When Henry left, I was more depressed than ever. This poor man was possibly going to lose all he really had left other than God—his church. And others were hurting because of the awful prejudice some people spread. Something had to be done, I just wasn’t certain what. No longer hungry, I took my half-empty soup bowl into the kitchen.
Before I could get some coffee, there was another knock at my door. Apparently, this was my night for visitors.
When I opened the door, I realized I should have asked who it was first. Standing on my welcome mat was Scott Matthews, the last person on this earth who was welcome. He brushed by me without a word, then turned to face me.
“Have a seat, Raffles, we need to talk.”
Against my better judgment, I sat at the kitchen table where Matthews had now seated himself. “It’s kind of late, Mr. Matthews.” I no longer felt a reason to call him by his first name.
“This is important. Apparently, you’re continuing to stick your nose where it doesn’t belong so you’ve left me no choice.” He handed me a folder with my name on it.
I didn’t take the folder. “What is it?”
“Open it.” It was an order.
Never one to take orders, I fought the urge to throw the folder in his face. But my curiosity won out and I opened it. I was shocked as I began to read the report that had apparently been written by a private investigator. The report detailed my brushes with the law while playing sax at a club in New Orleans, and he had even managed to dig up the abortion. I was finding it very difficult to keep from slugging him as I read on. I couldn’t believe that they had tracked down the girl and questioned her about the incident. How dare they bother her! I pushed the folder over to Matthews; I had read enough.
“How dare you.”
Matthews looked smug. “How dare I? How dare you deem to call yourself so almighty righteous with this kind of sordid past? I’m sure the rest of the congregation would be very interested in learning about this, as well as the rest of the community.”
I stood up, walked to my door and opened it. “Get out.”
He just sat there. “I’m not bluffing. You’ll lose everything if you don’t stop now.”
But I wasn’t backing down. “I’m sure they’d be interested to know about your son’s past as well.”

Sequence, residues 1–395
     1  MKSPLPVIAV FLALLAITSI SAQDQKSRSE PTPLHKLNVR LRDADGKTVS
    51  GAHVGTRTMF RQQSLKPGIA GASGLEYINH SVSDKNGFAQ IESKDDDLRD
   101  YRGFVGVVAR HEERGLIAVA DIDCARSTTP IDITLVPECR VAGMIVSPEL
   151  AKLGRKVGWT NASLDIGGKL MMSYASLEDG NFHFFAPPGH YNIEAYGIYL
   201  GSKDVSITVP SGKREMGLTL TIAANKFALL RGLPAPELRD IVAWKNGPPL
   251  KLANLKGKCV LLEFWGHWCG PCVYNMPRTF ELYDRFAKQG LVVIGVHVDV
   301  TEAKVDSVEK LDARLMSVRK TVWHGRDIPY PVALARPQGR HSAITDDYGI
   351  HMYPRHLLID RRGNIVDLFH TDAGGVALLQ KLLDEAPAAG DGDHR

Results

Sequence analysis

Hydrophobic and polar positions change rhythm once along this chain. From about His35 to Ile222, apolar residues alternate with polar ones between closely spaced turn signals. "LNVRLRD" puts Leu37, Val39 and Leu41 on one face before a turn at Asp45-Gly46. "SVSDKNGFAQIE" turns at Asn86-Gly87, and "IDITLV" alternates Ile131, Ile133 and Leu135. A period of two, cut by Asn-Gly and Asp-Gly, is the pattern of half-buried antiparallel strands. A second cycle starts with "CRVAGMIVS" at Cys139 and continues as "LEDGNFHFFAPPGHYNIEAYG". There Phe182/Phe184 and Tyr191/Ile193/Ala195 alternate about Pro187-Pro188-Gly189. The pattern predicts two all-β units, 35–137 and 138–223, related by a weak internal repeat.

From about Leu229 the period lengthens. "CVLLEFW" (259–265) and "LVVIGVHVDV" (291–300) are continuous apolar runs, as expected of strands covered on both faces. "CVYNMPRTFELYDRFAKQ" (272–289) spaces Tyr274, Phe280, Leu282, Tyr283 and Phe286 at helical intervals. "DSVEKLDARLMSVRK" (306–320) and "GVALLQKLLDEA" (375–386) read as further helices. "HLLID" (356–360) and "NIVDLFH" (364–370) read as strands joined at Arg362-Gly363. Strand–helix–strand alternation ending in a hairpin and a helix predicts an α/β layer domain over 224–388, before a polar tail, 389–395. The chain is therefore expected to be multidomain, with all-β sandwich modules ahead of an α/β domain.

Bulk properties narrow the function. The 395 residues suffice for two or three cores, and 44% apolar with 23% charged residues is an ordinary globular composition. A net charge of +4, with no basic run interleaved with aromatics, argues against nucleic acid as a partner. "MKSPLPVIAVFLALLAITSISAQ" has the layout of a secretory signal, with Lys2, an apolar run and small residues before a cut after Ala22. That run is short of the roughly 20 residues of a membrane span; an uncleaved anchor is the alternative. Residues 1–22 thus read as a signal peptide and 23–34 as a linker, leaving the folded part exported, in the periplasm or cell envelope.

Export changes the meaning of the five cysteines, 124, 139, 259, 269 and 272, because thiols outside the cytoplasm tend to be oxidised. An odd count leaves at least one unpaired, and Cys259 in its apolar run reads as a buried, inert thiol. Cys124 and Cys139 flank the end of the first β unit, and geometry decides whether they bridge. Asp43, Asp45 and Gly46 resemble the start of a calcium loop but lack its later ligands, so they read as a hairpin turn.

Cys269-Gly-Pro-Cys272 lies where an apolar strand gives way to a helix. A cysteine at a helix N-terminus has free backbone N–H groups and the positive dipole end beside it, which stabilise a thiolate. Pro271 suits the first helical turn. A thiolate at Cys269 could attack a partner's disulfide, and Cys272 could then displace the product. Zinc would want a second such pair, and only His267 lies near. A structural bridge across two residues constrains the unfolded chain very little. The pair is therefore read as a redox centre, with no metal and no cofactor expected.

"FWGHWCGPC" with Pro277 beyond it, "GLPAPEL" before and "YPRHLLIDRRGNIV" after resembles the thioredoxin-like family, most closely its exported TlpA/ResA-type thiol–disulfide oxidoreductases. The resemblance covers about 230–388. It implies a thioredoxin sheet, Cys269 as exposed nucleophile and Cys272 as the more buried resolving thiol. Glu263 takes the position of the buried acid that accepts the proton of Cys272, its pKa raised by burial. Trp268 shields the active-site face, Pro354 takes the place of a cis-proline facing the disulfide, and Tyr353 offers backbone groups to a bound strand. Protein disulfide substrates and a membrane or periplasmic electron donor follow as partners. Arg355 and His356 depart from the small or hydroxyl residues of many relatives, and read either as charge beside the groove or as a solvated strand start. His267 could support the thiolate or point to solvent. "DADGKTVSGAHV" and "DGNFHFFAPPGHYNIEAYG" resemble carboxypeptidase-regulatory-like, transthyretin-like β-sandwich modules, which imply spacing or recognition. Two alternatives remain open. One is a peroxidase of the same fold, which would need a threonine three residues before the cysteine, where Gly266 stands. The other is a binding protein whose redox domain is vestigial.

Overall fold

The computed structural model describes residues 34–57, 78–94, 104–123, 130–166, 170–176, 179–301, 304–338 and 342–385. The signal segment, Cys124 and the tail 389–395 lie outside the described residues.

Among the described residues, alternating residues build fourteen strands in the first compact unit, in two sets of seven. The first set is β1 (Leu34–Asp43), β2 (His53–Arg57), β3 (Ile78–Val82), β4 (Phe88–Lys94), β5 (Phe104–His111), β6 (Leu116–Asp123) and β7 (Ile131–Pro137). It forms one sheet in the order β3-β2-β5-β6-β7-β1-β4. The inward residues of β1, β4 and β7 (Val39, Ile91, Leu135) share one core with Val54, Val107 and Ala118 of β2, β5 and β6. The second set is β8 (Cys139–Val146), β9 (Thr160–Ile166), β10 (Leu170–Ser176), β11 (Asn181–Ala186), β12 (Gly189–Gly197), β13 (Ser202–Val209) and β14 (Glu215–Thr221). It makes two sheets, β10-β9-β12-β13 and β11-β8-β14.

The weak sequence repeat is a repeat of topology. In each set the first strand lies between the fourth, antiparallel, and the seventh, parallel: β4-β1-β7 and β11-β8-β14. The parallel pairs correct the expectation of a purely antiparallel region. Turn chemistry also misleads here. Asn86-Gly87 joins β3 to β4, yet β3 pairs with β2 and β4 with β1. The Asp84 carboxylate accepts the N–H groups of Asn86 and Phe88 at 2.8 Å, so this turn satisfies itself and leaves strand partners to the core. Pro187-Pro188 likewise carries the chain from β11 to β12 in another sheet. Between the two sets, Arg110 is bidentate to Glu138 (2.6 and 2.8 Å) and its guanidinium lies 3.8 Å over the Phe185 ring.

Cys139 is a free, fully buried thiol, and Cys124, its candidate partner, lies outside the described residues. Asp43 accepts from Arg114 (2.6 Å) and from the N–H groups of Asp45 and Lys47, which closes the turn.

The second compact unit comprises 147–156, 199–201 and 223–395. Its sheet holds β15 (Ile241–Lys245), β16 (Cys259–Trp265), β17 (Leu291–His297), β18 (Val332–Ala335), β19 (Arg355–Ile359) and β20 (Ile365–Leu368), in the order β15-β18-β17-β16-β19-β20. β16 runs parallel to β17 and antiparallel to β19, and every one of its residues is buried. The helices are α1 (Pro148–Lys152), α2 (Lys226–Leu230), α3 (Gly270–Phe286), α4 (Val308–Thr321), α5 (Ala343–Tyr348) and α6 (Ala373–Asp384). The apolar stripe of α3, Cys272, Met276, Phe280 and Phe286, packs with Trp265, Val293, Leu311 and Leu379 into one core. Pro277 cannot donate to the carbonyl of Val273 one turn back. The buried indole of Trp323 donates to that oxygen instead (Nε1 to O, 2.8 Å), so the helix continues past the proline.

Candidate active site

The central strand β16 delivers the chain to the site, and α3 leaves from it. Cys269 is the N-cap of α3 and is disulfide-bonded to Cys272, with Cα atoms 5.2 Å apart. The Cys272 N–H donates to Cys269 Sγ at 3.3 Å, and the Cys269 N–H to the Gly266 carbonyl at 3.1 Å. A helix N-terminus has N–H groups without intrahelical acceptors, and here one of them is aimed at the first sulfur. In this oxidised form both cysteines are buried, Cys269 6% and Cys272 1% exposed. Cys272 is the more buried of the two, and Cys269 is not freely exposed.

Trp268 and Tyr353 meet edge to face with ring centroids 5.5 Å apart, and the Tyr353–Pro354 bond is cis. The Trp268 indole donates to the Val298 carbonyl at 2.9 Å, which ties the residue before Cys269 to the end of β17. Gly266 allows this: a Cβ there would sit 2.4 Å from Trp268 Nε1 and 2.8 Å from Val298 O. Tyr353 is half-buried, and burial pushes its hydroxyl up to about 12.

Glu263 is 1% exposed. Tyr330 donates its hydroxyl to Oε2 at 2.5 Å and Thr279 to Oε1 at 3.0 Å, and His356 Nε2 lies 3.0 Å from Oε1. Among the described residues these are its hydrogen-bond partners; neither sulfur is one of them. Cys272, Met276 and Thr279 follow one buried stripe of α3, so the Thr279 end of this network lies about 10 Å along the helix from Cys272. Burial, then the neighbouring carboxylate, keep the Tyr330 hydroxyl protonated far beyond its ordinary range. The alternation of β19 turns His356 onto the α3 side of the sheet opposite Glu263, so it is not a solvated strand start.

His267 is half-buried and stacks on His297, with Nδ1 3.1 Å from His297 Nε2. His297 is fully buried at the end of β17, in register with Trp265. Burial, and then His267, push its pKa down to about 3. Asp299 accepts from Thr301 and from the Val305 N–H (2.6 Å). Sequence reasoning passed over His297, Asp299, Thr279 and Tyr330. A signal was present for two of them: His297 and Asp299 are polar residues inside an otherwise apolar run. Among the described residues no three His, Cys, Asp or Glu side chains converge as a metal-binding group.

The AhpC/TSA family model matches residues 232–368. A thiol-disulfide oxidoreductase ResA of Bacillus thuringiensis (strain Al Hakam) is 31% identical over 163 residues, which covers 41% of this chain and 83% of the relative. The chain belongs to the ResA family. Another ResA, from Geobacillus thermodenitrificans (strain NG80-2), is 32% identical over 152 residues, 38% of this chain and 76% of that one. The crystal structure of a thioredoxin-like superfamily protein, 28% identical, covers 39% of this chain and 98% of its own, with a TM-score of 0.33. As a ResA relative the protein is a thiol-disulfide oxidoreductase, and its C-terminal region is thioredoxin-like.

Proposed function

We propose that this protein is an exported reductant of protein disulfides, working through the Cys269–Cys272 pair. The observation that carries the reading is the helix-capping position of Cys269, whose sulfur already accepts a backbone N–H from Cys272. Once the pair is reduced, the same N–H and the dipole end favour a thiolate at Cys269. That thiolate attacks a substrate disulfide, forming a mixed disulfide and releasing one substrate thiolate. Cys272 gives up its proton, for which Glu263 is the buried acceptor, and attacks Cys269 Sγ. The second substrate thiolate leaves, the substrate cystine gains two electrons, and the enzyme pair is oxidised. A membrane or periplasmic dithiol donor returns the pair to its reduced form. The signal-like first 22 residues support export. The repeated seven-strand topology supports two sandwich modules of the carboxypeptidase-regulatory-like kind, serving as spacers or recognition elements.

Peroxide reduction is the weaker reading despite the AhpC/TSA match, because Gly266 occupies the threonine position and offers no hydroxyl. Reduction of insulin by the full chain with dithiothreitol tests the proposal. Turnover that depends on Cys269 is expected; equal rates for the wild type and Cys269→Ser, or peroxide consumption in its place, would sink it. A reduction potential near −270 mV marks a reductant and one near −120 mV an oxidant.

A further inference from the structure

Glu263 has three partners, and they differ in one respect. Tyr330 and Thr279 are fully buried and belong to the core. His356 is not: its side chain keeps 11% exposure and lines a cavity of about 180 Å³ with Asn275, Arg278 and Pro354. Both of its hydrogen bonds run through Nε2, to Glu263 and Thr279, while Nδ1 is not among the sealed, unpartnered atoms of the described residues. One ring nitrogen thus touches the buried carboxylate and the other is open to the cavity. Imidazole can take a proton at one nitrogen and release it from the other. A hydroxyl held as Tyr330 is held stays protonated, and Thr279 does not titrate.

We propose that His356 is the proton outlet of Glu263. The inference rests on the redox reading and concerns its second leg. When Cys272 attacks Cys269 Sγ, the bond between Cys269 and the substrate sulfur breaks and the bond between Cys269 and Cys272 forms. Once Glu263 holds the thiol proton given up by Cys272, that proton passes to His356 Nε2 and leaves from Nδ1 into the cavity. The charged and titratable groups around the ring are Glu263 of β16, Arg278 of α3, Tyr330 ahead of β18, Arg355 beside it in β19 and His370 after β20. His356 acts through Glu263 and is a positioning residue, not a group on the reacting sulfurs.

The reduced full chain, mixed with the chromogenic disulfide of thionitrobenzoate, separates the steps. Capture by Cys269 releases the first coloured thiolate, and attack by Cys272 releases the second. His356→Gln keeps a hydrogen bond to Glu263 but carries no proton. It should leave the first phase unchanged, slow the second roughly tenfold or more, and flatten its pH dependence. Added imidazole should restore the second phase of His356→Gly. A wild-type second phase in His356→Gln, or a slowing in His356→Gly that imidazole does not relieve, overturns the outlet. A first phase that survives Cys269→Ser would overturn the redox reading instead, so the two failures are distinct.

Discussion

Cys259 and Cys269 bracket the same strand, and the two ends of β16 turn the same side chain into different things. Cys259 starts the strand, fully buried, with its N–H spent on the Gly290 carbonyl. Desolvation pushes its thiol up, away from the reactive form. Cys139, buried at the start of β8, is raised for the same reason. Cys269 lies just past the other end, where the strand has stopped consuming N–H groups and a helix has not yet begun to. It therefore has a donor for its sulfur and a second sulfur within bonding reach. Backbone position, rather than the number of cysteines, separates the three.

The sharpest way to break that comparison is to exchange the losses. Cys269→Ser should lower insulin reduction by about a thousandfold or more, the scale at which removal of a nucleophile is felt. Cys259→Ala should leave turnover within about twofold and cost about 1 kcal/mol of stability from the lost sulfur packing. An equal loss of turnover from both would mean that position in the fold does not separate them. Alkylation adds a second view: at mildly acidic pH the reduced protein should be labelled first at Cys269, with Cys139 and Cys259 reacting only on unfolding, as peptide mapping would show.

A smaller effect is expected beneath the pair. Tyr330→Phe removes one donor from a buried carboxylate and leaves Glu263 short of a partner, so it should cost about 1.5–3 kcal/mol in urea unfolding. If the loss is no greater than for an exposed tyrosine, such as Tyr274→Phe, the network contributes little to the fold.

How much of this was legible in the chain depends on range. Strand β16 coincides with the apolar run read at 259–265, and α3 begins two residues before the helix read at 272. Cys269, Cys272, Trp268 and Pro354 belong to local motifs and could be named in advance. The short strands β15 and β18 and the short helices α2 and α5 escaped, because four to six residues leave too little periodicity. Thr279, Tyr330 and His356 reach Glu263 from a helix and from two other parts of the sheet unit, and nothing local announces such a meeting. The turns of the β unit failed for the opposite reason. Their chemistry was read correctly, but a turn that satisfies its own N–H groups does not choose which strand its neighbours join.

It was clear by the look on his face that Matthews hadn’t expected this. He had thought his son’s sins buried with the unborn, murdered baby. The look on his face confirmed that Josh had been the father.
His smug look returned, but it was too late. “I don’t know what you’re talking about. If you mean the Youth Center fire, that was just youthful exuberance, and everyone already knows about that.”
Returning to the table, I took my time before speaking again. I leaned back in my chair as if I wasn’t the least bit concerned about his threats. “I mean about the baby.”
Matthews turned as white as the sheets his kind used to wear. “You can’t prove anything,” he stammered.
“Get out!”
Finally, Matthews left, his face red with anger. He wasn’t going to scare me. I was going to do the right thing no matter what the consequences were, but I felt bad that he had involved poor Cynthia. I promised myself when this was over I would call her and apologize. For a lot of things.
But I also had no intention of using the information I now had about his son just to keep my job. The only way anyone would ever hear about it from me would be if it proved that Josh was also guilty of killing Toews. I knew past sins could be forgiven. Josh deserved the chance to grow and hopefully learn someday from his mistakes. And unfortunately, the murder of an unborn baby wasn’t against the law. But killing someone else was, and if he were guilty of that he’d have to pay the penalty.